Hospital-acquired infections may account for nearly 100,000 deaths annually in the United States. Many such complications may be reduced by increased awareness of risk factors and standardization of management practices— across all health care provider professions (e.g., nursing, physicians, and ancillary staff). National patient safety initiatives are increasingly utilized by regulatory agencies, the insurance indsutry, and the public, to encourage hospitals to improve quality through performance in the respective associated safety metrics.
Success requires participation of all members of the health care team. Qualities of previous successful initiatives include (1) engagement of staff; (2) driving of participation; (3) collaboration across disciplines/professions; and (4) competition—which ultimately moves the needle. Essentially, this is gaming. "Gamification" is the application of gaming mechanics to measure and motivate individual use of a tool or service which already exists—and reframe the experience to engage all eligible participants. At the enterprise level, we would like to utilize metrics for target outcomes and processes, promote intrinsic motivation of the staff/user, and ultimately enhance the experience—without distraction.
Together with the gamification firm Bunchball, we are developing a social gaming engine tailored specifically to the healthcare environment and able to run on an existing UCSF CRM platform. Key elements focus on performance, achievement, and social interaction—from the individual to escalating levels of teams. Our initial user audience is UCSF Nursing, with staff numbering over 2,000. For a proof-of-concept pilot, the project will be implemented in two competing intensive care units, with over 100 nurses. Target metrics include patient safety initiatives (prevention of central line associated blood stream infections), multi-media nursing education, enhanced distribution of unit-specific operational and care quality information, and facilitation and encouragement of peer recognition for exceptional performance.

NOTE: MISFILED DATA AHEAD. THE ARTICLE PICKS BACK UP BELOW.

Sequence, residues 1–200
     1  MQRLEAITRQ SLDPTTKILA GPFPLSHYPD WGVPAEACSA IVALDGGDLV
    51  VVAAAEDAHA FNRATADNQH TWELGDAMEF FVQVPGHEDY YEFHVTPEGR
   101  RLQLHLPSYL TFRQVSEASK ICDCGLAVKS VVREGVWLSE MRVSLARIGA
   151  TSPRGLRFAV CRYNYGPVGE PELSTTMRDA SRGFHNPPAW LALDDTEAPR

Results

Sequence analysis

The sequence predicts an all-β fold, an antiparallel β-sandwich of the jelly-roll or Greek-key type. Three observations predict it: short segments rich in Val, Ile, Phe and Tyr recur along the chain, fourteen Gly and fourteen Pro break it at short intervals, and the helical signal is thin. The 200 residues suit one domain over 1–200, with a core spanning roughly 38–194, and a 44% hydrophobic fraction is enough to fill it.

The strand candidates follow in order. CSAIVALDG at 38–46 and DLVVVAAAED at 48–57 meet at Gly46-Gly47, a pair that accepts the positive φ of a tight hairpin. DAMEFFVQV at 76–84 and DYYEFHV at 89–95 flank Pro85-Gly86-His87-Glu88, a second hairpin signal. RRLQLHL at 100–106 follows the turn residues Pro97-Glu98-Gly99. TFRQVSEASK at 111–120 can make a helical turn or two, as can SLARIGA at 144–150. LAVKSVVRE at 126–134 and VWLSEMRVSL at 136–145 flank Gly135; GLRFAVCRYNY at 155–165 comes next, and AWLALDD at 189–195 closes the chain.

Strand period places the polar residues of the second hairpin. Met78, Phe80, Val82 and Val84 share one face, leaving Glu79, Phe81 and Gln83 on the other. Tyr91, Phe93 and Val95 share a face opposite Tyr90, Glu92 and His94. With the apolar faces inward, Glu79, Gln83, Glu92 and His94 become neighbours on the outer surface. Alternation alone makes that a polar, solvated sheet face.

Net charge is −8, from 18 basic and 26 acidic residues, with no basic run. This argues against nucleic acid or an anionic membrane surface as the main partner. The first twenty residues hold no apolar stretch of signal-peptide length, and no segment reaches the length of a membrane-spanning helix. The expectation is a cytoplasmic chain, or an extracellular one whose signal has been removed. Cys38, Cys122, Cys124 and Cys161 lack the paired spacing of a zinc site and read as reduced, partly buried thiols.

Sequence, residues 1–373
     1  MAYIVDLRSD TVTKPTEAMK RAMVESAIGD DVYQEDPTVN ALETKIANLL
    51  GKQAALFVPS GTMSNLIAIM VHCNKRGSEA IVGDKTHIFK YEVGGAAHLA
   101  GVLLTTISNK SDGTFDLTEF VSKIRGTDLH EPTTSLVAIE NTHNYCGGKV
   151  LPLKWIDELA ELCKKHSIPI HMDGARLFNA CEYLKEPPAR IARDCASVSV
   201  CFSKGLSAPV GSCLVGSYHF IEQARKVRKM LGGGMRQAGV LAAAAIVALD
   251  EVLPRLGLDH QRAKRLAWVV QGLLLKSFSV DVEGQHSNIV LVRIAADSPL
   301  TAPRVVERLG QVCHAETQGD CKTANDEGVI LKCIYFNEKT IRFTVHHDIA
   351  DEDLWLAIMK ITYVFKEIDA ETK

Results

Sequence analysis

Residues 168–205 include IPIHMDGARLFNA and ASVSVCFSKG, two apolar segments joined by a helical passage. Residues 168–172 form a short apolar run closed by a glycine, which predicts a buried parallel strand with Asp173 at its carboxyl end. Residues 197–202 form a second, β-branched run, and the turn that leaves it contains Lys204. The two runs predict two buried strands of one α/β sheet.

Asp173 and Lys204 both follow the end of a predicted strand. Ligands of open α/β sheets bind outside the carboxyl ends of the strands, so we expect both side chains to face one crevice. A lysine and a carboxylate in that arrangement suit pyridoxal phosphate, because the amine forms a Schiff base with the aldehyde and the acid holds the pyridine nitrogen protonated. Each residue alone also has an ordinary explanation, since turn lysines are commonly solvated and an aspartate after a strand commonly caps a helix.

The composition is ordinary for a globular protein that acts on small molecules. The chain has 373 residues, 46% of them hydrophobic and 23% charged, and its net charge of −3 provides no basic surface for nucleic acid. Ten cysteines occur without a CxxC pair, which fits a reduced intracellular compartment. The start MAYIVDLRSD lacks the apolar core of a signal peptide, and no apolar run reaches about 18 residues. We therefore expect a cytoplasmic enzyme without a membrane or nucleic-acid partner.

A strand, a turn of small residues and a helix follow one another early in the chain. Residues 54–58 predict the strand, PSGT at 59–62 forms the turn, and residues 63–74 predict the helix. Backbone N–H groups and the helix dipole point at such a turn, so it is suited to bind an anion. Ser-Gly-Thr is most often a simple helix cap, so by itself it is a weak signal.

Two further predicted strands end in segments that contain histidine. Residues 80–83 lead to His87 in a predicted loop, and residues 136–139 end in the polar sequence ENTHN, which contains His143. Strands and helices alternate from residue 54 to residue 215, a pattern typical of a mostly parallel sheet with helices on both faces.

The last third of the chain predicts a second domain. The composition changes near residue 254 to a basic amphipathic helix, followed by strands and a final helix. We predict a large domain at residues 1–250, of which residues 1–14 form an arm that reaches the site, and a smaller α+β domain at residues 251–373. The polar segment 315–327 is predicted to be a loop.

Social gaming engine to run on existing UCSF database platform, accessible to staff nurses via the web—thereby accessible at work, as well as remotely through desktop, laptop, or mobile device.
Impact on UCSF's mission and/or community:
As a novel approach to improving hospital quality through the engagement of bedside care providers, this project impacts all four components of the UCSF Medical Center Mission: Caring, Healing, Teaching, and Discovering. The pilot can be scaled up to include additional nursing units, and ultimately, include physicians, as well as ancillary staff, with an additional goal of promoting inter-professional communication and collaboration. With a core principle of staff education and collaboration in patient quality measures, such gaming platforms could be applied in essentially any other hospital environment, with a potential salutary effect on national patient safety outcomes.
List of team members and their roles:
Arup Roy-Burman, MD—Medical Director, UCSF
Lindsay Lightbody, MA—Project Manager, UCSF
Robyn Huey, DNP, CPNP-AC-- PICU NP and recent staff RN (end-user), UCSF
Edwin Martin—Director, Software-as-a-Service Solutions, UCSF
Latrice Barnett—Project Manager, Bunchball
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